# Problem of the week #22 - August 27th, 2012

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#### Jameson

Staff member
Thank you to soroban for proposing this problem!

$$\displaystyle \left| (1+2i)^n \right|^2$$ for n=1,2,3... can be generalized in a very simple form that doesn't include any notation related to complex numbers.

1) Find a way to generalize the nth term.
2) Prove your generalization is valid

Hint 1:
Start with n=1. Squaring the magnitude of a complex number cancels out the square root normally in that calculation so given $z = a+bi$ we are looking at the square of the magnitude, or $a^2+b^2$. The magnitude is $$\displaystyle \sqrt{a^2+b^2}$$ but take note of the outer exponent, 2.

For $n \ge 2$ you'll have to simplify $(1+2i)^n$ to the form of $a+bi$ and then calculate $a^2+b^2$.

Hint 2:
Remember that for complex numbers, z and w, |zw|=|z||w|. You can apply this to the problem through $$\displaystyle (1+2i)^n=(1+2i)^{n-1}(1+2i)$$

If this problem seems too tricky for you then I suggest reading up on complex numbers, focusing on multiplying them and finding the magnitude.

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#### Jameson

Staff member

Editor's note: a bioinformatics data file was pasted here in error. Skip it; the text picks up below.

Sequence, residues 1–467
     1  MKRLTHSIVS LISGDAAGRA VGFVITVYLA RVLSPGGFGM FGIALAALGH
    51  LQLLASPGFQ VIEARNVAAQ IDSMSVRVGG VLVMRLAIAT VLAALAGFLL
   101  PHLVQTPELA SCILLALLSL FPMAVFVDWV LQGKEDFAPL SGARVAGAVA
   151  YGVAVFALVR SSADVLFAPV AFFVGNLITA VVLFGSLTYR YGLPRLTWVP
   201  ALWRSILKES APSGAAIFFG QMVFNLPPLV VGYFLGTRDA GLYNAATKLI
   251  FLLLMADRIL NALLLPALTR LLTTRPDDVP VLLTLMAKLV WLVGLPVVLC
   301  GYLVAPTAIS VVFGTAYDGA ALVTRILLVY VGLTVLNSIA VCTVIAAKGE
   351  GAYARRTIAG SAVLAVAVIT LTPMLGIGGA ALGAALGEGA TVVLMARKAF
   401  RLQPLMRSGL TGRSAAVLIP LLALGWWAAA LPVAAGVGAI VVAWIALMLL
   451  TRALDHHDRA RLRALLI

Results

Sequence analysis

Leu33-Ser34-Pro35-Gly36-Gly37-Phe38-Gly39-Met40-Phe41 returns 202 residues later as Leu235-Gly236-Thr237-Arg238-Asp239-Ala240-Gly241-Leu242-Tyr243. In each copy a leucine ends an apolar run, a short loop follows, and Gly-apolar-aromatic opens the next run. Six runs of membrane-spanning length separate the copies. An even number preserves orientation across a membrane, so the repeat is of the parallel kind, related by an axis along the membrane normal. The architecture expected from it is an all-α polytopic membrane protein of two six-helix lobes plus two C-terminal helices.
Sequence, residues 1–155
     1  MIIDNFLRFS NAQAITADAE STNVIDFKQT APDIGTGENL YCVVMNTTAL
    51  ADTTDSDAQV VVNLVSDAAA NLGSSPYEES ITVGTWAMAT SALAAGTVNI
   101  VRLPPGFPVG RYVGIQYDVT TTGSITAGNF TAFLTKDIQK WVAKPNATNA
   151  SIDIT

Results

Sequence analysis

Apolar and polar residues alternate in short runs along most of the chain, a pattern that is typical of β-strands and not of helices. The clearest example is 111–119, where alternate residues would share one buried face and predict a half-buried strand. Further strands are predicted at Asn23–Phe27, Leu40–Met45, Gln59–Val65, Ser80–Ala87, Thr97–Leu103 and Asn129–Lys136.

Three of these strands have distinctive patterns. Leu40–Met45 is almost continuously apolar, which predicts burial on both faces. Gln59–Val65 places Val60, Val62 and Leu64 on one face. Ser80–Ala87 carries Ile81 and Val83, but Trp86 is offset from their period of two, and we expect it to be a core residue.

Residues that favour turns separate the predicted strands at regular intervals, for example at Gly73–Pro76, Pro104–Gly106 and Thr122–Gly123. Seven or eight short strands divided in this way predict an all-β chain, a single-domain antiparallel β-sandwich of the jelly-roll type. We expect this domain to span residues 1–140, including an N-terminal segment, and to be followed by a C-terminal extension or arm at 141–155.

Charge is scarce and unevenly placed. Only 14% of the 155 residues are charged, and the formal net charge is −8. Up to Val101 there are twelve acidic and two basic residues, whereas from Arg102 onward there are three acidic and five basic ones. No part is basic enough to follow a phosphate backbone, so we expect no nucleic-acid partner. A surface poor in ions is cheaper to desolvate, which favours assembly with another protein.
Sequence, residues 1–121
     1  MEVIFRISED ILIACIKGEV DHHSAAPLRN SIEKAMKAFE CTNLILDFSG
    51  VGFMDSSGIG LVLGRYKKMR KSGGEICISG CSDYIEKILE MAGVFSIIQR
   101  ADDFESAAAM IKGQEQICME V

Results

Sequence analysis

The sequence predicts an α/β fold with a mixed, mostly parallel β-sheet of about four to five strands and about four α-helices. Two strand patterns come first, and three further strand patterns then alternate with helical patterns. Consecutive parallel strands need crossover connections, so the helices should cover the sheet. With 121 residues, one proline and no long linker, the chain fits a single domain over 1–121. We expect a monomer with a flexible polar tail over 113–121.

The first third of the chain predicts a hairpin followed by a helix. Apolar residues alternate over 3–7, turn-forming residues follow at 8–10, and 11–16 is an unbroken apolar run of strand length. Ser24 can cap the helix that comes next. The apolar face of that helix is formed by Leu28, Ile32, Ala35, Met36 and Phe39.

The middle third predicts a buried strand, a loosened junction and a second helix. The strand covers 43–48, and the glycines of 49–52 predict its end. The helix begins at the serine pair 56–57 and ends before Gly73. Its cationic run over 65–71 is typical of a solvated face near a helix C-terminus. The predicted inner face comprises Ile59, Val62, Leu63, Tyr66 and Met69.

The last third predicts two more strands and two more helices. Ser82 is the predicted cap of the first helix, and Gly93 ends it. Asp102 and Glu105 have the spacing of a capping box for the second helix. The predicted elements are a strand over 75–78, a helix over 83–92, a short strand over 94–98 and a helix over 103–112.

Congratulations to the following members for their correct solutions:

1) Reckoner
2) Sudharaka

Solution (from Reckoner):
Calculating $$\left|(1+2i)^n\right|^2$$ for a few small values of $$n$$ suggests a simple pattern:

For $$n=1$$,
$\left|(1+2i)^n\right|^2 = |1+2i|^2 = 5.$

For $$n=2$$,
$\left|(1+2i)^n\right|^2 = \left|(1+2i)^2\right|^2 = \left|1+4i+4i^2\right|^2$ $= |-3+4i|^2 = 25 = 5^2.$

For $$n=3$$,
$\left|(1+2i)^n\right|^2 = \left|(1+2i)^3\right|^2 = \left|1+6i+12i^2+8i^3\right|^2$ $=|-11 - 2i|^2 = 125 = 5^3.$

This suggests that $$\left|(1+2i)^n\right|^2 = 5^n$$. For proof, we use induction. Note that the base case $$n=1$$ was already shown above. Assume that, for some positive integer $$k$$, $$\left|(1+2i)^k\right|^2 = 5^k$$. Then, setting $$n = k+1$$ gives

$\left|(1+2i)^{k+1}\right|^2 = \left|(1+2i)^k(1+2i)\right|^2$

$= \left|(1+2i)^k\right|^2\cdot|1+2i|^2,$

which, by the inductive hypothesis,

$=5^k\cdot|1+2i|^2 = 5^k\cdot5 = 5^{k+1}$

as required. Hence, $$\left|(1+2i)^n\right|^2 = 5^n$$ for all positive integers $$n$$.

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